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Sports

Township stirs up small turf war over Smarty Jones

Dan Gelston Associated Press

BENSALEM, Pa. — Smarty Jones may need a new nickname.

The Kentucky Derby and Preakness winner has been dubbed the “Philly Flash” or the “Philly Flyer” while being presented to the country as Philadelphia’s first sports champion in more than two decades.

One problem. Turns out, the ol’ Philly Flyer is from … Bensalem?

Where?

Until about two months ago, Bensalem Township, an area of 21 square miles, was the buffer township between Philadelphia on the West and the rest of Bucks County on the East and Northeast. Now it’s the town that wants its horse back.

“We want our recognition,” Bensalem Mayor Joseph DiGirolamo said.

Odds are, no one will start calling Smarty Jones the “Bensalem Blazer” anytime soon. It hasn’t helped that Smarty Jones’ home in Bensalem is called Philadelphia Park.

But the township is staking a claim to Smarty in this turf war.

DiGirolamo wants to rename one of Bensalem’s main thoroughfares after its main thoroughbred, hoping to turn Street Road into “Smarty Jones Boulevard.” Philadelphia Park is located on Street Road.

“Philadelphia is starving for a winner,” DiGirolamo said. “They can grasp at it, but they need to remember it’s in Bensalem and not just Philly.”

Who can blame Philadelphia sports fans for wanting to latch on to this undefeated colt?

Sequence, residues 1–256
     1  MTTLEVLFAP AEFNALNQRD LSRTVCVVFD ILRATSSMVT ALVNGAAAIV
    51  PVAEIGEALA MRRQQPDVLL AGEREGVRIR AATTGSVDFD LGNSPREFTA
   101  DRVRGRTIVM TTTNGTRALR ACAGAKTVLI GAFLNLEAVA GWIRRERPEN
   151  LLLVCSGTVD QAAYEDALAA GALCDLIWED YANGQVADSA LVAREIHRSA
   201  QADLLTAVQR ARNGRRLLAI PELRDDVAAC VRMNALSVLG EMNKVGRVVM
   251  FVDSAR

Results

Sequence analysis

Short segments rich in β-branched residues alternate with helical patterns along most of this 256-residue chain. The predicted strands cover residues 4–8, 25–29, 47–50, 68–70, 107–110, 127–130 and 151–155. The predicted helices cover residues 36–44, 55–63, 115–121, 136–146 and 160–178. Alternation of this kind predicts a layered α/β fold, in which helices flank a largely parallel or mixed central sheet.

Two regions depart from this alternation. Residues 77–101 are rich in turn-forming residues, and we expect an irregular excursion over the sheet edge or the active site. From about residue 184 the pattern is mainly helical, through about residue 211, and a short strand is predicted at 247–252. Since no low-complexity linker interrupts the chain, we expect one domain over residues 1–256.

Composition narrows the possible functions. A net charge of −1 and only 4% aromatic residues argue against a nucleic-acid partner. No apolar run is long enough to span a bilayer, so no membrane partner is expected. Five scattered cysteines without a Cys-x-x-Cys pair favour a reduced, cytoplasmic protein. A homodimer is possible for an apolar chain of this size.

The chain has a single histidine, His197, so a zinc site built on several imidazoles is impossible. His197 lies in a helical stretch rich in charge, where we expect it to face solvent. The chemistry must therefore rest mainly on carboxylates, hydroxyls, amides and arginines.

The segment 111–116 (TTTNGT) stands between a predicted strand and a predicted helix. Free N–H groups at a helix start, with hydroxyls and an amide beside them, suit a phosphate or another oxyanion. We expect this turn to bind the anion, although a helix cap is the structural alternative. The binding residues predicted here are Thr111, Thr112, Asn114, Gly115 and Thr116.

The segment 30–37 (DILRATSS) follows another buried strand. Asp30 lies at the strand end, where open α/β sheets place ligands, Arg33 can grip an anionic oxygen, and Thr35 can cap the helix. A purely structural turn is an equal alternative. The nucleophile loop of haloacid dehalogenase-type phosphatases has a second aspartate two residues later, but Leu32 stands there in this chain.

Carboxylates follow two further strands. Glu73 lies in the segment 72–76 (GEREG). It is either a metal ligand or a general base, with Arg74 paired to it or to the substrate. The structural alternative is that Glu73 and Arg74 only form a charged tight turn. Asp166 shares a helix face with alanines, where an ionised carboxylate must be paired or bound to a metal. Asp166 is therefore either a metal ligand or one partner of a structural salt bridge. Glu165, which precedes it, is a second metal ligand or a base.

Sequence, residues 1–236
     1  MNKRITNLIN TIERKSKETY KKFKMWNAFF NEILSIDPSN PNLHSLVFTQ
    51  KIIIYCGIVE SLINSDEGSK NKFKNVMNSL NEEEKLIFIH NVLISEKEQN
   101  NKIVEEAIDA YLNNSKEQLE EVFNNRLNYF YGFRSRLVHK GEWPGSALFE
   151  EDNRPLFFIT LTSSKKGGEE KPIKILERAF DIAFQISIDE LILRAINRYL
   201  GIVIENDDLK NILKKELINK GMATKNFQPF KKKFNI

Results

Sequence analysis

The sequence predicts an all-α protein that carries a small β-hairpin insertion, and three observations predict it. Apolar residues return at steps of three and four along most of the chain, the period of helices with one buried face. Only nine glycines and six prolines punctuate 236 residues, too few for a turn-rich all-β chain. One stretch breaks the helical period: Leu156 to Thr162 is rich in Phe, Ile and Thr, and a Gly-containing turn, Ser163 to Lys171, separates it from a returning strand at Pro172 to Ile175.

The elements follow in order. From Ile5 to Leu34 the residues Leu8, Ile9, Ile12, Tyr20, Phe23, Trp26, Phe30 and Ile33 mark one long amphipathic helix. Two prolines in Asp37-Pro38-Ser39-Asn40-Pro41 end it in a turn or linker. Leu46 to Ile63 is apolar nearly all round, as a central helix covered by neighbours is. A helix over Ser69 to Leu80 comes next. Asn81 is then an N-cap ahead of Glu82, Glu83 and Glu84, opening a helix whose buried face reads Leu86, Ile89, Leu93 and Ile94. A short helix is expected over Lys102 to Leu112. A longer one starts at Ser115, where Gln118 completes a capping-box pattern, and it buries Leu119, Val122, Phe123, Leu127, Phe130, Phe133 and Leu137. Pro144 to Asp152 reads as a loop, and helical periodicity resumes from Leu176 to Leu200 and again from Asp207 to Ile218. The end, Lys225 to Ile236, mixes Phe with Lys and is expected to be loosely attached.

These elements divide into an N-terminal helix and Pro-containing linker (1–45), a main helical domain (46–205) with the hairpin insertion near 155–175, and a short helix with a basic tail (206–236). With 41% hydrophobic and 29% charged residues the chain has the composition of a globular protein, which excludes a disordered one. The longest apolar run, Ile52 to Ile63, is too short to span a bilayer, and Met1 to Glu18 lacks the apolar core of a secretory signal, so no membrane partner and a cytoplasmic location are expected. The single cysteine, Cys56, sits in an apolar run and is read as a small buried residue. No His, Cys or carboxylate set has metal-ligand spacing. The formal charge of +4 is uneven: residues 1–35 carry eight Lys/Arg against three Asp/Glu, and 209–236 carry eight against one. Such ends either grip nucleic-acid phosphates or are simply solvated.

They shed tears over lost Stanley Cups. They bemoan the big-game failures of big-time teams. They call the all-sports station and yakety-yak a blue streak. They watch the city build new ballparks but rarely see championships.

Then along comes Smarty Jones, the plucky horse that needs only a win in the June 5 Belmont Stakes for the first Triple Crown since 1978.

Bensalem started snorting when Pennsylvania Gov. Ed Rendell called the colt’s Preakness win a great day for Philadelphia, and the city council started talking about a parade down Broad Street — which hasn’t staged a celebration for a pro sports team since the 76ers in 1983.

“The governor is from Philadelphia. What do you expect him to do?” DiGirolamo said.

City newspapers and news broadcasts have made only cursory mentions of Bensalem, if at all, but the connection to Bensalem runs deeper than Smarty Jones.

Trainer John Servis has lived in Bensalem for parts of almost 24 years and jockey Stewart Elliott also lives in Bucks County. So does exercise rider Pete Van Trump. And while owners Pat and Roy Chapman have car dealerships in Philadelphia, they reside just outside the city.

Servis has tried to stay out of the debate.

“He’s a horse that America loves,” Servis said. “I think he belongs to everybody. Everybody can root for this horse. It doesn’t matter where you’re from.”

But it’s been a burr under the saddle for those in Bensalem who want Philadelphians to take their cheesesteaks and stuff it.

“They keep saying it’s Philly’s horse. It hasn’t done much for Bensalem,” said Ellis Saltzman, of Bensalem. “Philadelphia should back off.”

In a downtown Philadelphia bar, some patrons accused Bensalem of sour grapes.

“I think they should get a life. Who ever heard of Bensalem?” said Harry Williford. “They don’t even play good high school football there. It’s a Philadelphia horse. It’s Philadelphia Park.”

Tomlinson said Smarty Jones has lifted the spirits of so many people that all Pennsylvanians can claim him as their own.

“Bensalem is the home of the Smarty Jones,” he said. “But as much as I’d like to claim this horse, he belongs to everybody.”

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